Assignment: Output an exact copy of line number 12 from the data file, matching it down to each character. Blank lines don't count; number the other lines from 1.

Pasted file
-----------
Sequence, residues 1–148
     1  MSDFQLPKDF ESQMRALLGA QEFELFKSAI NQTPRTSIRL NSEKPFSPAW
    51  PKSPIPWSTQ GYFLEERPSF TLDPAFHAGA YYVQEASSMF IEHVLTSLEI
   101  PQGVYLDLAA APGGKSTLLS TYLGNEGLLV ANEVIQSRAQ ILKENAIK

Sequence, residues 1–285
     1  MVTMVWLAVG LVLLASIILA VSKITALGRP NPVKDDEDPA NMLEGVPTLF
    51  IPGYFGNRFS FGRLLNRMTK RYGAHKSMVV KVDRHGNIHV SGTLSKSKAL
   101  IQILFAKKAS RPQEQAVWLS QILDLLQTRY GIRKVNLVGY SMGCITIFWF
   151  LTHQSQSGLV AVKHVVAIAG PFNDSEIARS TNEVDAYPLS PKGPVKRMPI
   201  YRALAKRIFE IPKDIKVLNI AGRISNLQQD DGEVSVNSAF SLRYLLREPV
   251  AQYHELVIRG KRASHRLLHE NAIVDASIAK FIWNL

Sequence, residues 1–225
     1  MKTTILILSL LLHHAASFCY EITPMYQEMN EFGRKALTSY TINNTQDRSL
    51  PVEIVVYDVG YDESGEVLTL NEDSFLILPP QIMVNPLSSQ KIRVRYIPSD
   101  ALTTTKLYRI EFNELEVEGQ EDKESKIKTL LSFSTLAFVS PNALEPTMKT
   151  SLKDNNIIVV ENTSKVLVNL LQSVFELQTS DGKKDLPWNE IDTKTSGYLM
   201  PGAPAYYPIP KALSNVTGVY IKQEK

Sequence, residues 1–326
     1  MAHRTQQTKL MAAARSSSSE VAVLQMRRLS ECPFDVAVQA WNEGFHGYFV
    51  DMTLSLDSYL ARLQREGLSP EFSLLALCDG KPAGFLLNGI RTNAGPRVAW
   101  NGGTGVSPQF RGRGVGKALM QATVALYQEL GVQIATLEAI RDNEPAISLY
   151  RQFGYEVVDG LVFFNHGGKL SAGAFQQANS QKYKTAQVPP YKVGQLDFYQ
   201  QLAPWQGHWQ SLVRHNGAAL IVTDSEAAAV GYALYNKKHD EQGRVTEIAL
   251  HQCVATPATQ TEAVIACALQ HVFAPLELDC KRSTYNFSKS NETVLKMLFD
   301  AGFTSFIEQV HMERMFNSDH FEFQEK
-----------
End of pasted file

Sequence, residues 1–225